Dave: rapper, activist and national treasure
October 6 2022, by Will Allen and Xan Lytle
David Orobosa Omoregie, mostly widely known as ‘Santan Dave’ or ‘Dave’ has become one of the most influential artists across the UK. Dave’s prominent use of socially conscious lyricism and wordplay has captivated people from all backgrounds and ages. Dave uses complex examinations of racial identity to highlight racial inequalities still prevalent in society and uses his platform to promote change and equality.
After his release of EPs: ‘Six Paths’ and ‘Game Over’, Dave released his debut-solo album ‘PSYCHODRAMA’ in March 2019. This album shows a different side of music as it follows the narrative of a psychotherapy session, where Dave reveals his struggles after his older brother was sentenced to jail, discussed in ‘Drama’. Dave also digresses into his struggles with his own mental health, in songs such as ‘psycho’; complicated relationships, in ‘Lesley’; and the tough social environments that poor black youths battle, explored in his prominent tracks ‘Streathem’, ‘Screwface Capital’ and ‘Black’. Dave’s pure realism and relatable lyrics helped debut the album at Number 1 in the UK Album Charts. ‘PSYCHODRAMA’ became the most-streamed, first-week British rap album in the UK with a staggering 23.6 million streams.
After the immense success of his debut album, Dave released his second studio album ‘We’re All Alone In This Together’ in July 2021. In this album Dave talks about the failings of the government’s treatment towards immigrants and highlights the unjust treatment of the Windrush migrants, in songs such ‘Heart attack’ and ‘three rivers’. Almost every line in each song has multiple meanings allowing his listeners to connect with their own personal interpretation and experiences. In ‘Heart attack’, Dave questions the corrupt practices of the UK political system, communicating how ‘all the best politicians (have) been taught to lie’. He also comments on the war on drugs, posing the rhetorical question ‘are their dealers safe or on the borderline?’ Dave employs a long monologue in ‘Heart Attack’ to expose his own vulnerability, using echo effects and no backings to portray the image of himself all alone as he confesses his thoughts and regrets of the mistakes that he made as a youth, in addition to an exploration of the relationship between Dave and his father, Pastor Frank, who was deported before Dave reached the age of one. It also offers a reflection into the difficulties faced by Dave’s mother, Juliet Omoregie, being in an and out of detention camps in Nigeria, and after eventually migrating to England, in search of a better life, reflects that she found herself on the street for ‘three years’.
In ‘Lesley’, part of the ‘PSYCHODRAMA’ album, Dave delves into the day to day struggles black women face, trapped in abusive relationships and urges these women to “get support if you’re lost or trapped”. This resonated strongly with his female fans, exploring the raw topic of domestic abuse, neglected by other musicians and youth role models. Dave also implores his males fans to never abuse their partners and to help silenced victims of domestic abuse. As the song progresses, the protagonist, Lesley, unexpectedly discovers that she is pregnant and, reliant on financial support, is forced back into an abusive relationship. He reflects on her only ambition being to deliver the baby safely, revealed in the line “her baby was the reason she was holding on”. Dave asks his listeners, when confronted with seemingly unsolvable issues to consider other options before running back into dangerous relations.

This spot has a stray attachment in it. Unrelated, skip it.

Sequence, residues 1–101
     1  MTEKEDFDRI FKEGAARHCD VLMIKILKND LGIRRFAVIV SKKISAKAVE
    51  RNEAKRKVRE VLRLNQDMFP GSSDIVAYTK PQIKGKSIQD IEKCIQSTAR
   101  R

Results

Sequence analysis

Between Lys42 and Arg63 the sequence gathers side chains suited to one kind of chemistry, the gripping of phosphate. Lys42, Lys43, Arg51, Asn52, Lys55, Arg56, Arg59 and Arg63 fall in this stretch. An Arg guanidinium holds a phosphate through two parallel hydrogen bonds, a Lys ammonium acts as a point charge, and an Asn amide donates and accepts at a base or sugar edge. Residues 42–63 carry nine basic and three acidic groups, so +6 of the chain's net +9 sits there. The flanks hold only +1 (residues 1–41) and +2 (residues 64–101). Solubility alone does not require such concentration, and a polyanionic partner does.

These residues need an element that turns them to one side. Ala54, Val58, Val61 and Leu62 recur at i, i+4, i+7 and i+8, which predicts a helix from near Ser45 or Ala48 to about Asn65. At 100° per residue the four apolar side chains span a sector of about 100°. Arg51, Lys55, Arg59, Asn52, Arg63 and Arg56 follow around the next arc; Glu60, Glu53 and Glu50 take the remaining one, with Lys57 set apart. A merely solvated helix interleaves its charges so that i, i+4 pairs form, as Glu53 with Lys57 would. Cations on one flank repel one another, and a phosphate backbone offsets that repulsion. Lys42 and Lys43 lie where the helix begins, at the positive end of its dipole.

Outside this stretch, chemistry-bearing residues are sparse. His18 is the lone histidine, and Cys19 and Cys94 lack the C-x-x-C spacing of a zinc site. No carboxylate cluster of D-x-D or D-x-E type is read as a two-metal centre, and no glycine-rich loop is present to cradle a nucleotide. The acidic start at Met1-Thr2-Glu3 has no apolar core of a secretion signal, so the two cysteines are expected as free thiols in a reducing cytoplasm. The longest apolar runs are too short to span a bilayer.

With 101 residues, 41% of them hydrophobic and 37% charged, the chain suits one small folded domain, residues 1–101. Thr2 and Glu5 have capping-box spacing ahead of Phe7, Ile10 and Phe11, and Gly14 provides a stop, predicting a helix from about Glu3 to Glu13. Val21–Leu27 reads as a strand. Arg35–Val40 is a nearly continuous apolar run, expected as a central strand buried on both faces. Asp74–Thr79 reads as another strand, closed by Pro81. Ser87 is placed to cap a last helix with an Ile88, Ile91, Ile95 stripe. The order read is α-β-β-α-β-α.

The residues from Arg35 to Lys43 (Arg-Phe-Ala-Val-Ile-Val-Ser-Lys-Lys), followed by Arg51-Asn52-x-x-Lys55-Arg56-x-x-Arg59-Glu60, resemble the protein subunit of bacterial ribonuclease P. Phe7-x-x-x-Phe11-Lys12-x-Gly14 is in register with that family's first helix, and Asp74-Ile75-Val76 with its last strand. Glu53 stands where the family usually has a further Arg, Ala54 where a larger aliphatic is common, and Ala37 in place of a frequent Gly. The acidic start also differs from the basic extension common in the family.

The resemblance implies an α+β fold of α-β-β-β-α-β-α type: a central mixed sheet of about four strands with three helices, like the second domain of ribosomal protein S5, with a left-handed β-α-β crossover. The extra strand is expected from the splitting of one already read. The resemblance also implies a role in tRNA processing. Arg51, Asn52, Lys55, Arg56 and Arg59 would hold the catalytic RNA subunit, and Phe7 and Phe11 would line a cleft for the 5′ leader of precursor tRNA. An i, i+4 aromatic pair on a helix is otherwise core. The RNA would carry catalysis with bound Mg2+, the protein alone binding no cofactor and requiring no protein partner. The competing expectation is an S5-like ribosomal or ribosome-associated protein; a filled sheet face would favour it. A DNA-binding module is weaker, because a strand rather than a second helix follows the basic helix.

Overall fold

‘Black’ by Dave was one of the largest hits on ‘PSYCHODRAMA’. This deeply-worded and hard-hitting single afforded Dave an invitation to perform live at the Brit’s Awards. In ‘Black’, Dave references Grenfell, the Windrush generation and the ill-treatment of Megan Markle. In his live performance he directly calls out ex-PM Boris Johnson for being racist, stating: “you say we’re the least racist, I say the least racist is still racist” and exclaims that all racism is unacceptable and shouldn’t be tolerated, especially in government. Dave also expresses his grievances at the wrongful and discriminatory treatment of Meghan Markle and compares the press’s treatment of Kate to Meghan, less accepting of Meghan purely on the grounds of her ethnicity. He also questions the UK educational system as it encourages us to grow up not exploring racial diversity, in addition to its failure to expose Britain’s involvement in black oppression and the monstrosities of the slave trade.
Will Allen, L6 and Xan Lytle, U6
- Dave: We’re All Alone in This Together review – an eerie, anguished triumph (The Guardian)
- Dave at the O2 review: an intimate, vulnerable arena show from a born star (Evening Standard)
- How Jonathan Larson taught me to become a better critic (New York Times)
- Dave live at Reading Festival 2022 review: a statement-making set from the youngest ever solo headliner (NME)